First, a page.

I discovered the lump on a Monday morning. I had gotten out of bed and groggily dragged myself to the bathroom, noticing on the way that the V between my breast and armpit was sore. Thinking that maybe I pulled a muscle or had done some lifting the day before that I couldn't remember in my sleepy state, I reached out to rub it, pushing down on the muscle. Underneath my fingertips, at the top of my breast was a lump, hard, firm, and immovable.

I'd given myself breast exams in the past, wondering what a lump would feel like, and now I knew. Panic welled inside of me and adrenaline started pumping at a fast pace, jolting me awake. I reached for my phone, knowing that there was no way that the doctor's office would be open that early, but calling anyway. I left a message and continued to get ready for work, waiting for them to call me back.

At 9:00am, they did.

Most of the day was spent working at a furious pace, trying hard to ignore the pain in my upper breast and what it might mean. Fears of needing a biopsy went through my head and I told my boss that I may not be back that day if things went badly. At 1pm, I went to the appointment where the Nurse Practitioner gave me the exam, told me that it was more than likely a cyst and not to worry since the bad stuff never hurt. She gave me a paper to call the hospital and schedule a precautionary mammogram with an ultrasound to follow and I left, much relieved.

Since I was days away from starting my period, and my breasts were sore, she had stated that I could wait a week to go in, but I kept forgetting to call. For two weeks, I let it go, until Mike started threatening to evict me unless I went in. So, I called and scheduled the appointment for Friday, January 30th.

Over the years, I'd heard many, many horror stories about getting a mammogram, so I wasn't sure what to expect when I went in. My mind, however, was working overtime. From what I'd heard, the procedure had to do with taking your breasts and smashing them against your chest as painfully as possible-- didn't sound fun.

I checked into radiology and was taken back into a separated section of the department, away from the hustle and bustle of broken legs and other diagnostics, where a technician asked me questions about my date of birth, whether I'd ever been pregnant, and what year the live birth took place. I was then told to take off my top and get dressed in the piece of fabric she handed me, then come into the room across the hall. After unfolding it, and turning it around a few times, I realized that it was a cape.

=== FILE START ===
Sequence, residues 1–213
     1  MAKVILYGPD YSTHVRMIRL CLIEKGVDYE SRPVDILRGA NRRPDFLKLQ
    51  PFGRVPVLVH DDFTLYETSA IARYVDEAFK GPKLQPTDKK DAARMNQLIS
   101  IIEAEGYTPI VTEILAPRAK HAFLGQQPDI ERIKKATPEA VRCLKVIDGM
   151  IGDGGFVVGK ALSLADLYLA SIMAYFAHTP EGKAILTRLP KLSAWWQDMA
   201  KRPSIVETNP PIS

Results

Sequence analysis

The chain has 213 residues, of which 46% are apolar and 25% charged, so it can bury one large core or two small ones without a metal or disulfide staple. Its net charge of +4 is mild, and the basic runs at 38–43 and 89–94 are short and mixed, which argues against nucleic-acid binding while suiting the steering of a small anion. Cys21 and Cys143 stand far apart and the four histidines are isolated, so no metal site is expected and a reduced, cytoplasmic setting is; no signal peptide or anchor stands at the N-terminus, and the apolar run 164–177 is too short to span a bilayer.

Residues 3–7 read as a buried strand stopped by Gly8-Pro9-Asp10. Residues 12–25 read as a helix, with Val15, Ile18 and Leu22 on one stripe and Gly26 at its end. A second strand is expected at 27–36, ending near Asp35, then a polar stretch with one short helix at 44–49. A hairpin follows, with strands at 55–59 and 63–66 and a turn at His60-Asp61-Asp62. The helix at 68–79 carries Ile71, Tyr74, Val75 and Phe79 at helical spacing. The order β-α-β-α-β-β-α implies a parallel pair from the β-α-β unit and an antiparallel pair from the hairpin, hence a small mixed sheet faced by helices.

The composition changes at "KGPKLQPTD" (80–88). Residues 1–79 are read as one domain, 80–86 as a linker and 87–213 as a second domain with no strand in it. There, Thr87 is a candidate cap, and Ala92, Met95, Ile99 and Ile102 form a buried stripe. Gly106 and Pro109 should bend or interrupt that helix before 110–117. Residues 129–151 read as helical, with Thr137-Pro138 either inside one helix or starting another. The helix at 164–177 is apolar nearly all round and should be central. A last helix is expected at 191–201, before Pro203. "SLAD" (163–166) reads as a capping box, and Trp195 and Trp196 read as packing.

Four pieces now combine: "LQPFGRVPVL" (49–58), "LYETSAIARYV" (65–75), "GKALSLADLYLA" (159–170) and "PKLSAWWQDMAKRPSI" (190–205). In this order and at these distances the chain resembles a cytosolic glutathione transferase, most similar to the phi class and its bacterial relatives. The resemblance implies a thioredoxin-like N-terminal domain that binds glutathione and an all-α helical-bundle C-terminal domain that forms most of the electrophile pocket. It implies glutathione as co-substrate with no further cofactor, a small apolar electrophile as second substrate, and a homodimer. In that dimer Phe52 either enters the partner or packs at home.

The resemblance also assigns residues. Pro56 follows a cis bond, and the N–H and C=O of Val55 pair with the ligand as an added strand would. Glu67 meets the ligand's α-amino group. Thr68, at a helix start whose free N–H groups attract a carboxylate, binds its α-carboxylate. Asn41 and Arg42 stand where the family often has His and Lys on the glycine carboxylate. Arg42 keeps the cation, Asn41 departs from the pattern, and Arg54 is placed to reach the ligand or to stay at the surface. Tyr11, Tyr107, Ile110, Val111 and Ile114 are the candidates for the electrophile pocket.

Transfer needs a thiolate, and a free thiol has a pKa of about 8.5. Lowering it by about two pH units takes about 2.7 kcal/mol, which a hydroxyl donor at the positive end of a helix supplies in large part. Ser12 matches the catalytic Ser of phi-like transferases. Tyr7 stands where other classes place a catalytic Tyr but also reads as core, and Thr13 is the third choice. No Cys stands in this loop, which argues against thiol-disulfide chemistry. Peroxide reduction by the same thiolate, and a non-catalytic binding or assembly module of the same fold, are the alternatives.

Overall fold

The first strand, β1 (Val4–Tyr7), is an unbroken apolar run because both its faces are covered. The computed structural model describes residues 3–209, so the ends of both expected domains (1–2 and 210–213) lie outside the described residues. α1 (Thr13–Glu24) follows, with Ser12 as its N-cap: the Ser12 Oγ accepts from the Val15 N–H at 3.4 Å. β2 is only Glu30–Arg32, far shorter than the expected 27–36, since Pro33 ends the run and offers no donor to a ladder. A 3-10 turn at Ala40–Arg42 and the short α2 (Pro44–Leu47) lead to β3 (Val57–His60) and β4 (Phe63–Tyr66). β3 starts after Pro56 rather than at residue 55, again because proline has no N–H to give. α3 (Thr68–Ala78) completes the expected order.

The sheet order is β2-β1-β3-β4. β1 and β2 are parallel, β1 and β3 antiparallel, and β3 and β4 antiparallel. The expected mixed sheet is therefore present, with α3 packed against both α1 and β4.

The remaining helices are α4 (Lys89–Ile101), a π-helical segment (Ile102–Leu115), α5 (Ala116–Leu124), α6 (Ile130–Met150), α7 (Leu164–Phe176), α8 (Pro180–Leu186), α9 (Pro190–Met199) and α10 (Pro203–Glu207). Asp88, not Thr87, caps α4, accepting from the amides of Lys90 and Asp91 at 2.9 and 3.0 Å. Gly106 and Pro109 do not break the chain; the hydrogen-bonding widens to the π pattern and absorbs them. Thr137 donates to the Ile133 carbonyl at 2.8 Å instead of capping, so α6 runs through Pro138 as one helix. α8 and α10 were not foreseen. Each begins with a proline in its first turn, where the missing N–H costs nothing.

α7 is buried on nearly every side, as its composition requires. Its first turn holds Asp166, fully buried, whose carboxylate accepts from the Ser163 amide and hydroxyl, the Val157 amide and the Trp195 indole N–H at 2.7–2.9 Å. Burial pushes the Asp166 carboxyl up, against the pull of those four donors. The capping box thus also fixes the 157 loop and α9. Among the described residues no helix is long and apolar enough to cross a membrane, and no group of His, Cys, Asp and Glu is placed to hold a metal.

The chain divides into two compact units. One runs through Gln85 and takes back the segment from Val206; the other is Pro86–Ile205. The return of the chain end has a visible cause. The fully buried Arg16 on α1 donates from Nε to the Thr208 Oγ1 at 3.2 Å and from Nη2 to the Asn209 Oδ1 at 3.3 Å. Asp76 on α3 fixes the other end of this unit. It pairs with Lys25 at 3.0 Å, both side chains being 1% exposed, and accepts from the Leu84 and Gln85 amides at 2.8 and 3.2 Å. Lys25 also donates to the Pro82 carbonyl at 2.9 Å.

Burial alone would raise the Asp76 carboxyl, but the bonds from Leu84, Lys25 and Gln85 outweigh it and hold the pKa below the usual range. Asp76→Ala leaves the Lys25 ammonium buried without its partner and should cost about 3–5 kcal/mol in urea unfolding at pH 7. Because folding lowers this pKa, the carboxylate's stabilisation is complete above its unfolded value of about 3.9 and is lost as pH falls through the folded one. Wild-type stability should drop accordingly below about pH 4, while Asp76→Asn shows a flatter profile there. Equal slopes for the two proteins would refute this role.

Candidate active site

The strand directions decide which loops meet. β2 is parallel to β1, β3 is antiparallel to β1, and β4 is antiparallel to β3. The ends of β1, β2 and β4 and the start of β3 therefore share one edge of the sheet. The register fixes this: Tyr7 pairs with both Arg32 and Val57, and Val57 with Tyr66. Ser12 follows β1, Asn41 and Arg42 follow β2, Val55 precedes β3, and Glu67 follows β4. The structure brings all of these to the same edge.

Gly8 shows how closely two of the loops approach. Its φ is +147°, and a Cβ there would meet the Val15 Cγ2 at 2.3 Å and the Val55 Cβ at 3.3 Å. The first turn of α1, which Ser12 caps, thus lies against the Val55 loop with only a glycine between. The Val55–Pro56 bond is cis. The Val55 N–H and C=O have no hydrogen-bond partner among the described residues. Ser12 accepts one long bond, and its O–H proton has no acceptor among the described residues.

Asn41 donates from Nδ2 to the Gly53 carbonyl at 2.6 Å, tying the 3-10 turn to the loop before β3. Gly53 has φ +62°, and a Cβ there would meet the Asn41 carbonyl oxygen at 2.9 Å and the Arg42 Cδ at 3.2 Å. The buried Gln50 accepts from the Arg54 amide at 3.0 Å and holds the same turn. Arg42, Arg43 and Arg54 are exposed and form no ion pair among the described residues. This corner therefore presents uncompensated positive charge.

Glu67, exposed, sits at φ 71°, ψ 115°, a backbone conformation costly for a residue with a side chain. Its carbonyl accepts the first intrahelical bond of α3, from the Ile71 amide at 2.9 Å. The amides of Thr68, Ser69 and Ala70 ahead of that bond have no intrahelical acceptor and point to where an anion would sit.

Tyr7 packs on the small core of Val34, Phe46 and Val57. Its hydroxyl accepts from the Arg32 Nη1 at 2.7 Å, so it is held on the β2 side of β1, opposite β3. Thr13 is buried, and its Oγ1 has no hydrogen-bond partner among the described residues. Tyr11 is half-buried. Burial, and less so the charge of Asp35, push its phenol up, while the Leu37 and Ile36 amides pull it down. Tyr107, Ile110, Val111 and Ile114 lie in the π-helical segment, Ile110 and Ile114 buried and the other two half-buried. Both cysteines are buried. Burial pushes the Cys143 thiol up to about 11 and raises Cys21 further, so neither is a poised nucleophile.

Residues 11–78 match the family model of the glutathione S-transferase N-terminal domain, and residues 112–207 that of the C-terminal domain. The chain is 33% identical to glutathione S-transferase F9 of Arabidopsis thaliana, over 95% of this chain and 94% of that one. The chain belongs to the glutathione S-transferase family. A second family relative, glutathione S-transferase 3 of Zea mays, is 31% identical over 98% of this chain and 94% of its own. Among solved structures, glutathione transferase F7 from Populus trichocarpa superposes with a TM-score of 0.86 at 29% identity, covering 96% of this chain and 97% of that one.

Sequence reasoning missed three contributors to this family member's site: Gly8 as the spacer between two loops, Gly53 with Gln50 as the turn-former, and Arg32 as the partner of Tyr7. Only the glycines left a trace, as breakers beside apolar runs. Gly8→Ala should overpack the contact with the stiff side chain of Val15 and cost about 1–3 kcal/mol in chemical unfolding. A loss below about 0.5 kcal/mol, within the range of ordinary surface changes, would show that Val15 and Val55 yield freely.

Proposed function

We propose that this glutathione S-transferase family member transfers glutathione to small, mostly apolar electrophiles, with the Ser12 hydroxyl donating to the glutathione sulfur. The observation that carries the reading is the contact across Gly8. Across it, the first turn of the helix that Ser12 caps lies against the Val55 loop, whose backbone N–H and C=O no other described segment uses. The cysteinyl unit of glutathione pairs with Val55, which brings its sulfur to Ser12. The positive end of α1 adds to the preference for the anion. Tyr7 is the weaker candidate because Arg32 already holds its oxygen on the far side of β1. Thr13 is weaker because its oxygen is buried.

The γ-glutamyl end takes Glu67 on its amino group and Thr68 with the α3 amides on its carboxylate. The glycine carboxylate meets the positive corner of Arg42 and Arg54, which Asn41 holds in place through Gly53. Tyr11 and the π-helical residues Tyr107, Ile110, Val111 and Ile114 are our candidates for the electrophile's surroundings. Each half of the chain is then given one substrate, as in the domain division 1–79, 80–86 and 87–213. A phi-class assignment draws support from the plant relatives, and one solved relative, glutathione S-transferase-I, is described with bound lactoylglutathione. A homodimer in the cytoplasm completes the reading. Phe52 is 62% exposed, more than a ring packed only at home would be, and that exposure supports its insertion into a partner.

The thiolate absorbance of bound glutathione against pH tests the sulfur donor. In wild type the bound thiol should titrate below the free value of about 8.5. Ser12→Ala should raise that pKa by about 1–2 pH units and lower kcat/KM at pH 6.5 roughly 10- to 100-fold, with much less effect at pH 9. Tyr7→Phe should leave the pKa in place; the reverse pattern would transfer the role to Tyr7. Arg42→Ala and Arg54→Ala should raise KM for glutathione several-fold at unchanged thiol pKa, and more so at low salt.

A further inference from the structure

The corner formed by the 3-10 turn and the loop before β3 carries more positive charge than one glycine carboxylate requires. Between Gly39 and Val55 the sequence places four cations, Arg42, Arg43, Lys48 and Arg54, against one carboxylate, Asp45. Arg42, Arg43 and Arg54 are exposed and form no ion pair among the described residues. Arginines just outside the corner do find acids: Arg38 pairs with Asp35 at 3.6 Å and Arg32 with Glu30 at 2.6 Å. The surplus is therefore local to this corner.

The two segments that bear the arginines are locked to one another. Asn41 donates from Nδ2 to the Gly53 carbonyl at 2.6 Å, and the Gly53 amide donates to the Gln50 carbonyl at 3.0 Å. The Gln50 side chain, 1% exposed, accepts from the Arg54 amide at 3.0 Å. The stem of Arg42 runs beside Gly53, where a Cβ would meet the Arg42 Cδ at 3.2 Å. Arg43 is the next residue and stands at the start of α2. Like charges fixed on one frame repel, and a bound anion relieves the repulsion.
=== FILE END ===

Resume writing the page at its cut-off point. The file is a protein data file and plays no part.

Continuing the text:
The room was huge in perspective to the amount of stuff in it. The wall to the right of the door was devoid of anything, there was a singular chair to my left, the mammogram machine angled in the corner, and the prerequisite cabinets with sink along the far wall. The mammogram machine was nothing like I imagined, and nothing like I'd ever seen before. There was a flat panel that looked metal with a baking dish looking thing right above that. I stared at it wondering where, exactly, my breasts were going to go.

To clear up rumors, they don't pancake your breasts against your chest to do a mammogram. In actuality, they pancake the breast itself. The mammographer pulls all the flesh of your breast and sets it on the metal plate and then brings the plastic baking dish thing down to squish it. It was an interesting experience, but not painful, and the only discomfort happened when she had to manually tighten down the top plate-- but that was something I brought on myself by telling her to stop only when I couldn't stand the pressure anymore. Since a better image is going to appear the more flush the flesh is, I let it get a little tighter than... well, than I normally would, if say, it were my husband doing the... squeezing.

I also came to realize that there might be distinct benefits in being large chested with saggy boobs.

It took about 15-20 minutes for all the x-rays to be done, most of that manipulating flesh, and then I was sent back to wait while the mammographer checked with the radiologist to make sure all the pictures where as they should be. They weren't, and I was taken back in for three more. One, to get a better view of the lump, and two more because they thought they spotted another one deeper in.

Once that was done, another nurse appeared to take me to the ultrasound room for a sonogram of my breast. Having had many, many ultrasounds during my pregnancy, I was comfortable with the procedure. I knew that the ultrasound was to follow-up and make sure that the lump was a cyst and I started intently on the screen. You could see the lump very clearly as a dark void on the screen. This procedure only took about 10 minutes and then the technician went to take the results to the radiologist before letting me get dressed.

The room was cold. I'd been shivering for days from the cold weather and wanted to be warm. That was all I was thinking about as I waited-- how to get warm when one is only wearing jeans and a washcloth-- when the door opened and the radiologist walked in. Since the technician had told me that the radiologist would be able to tell me something, if he could make a determination, that day, I was expecting him. Especially since it was just a cyst. Simple, we checked, you're done.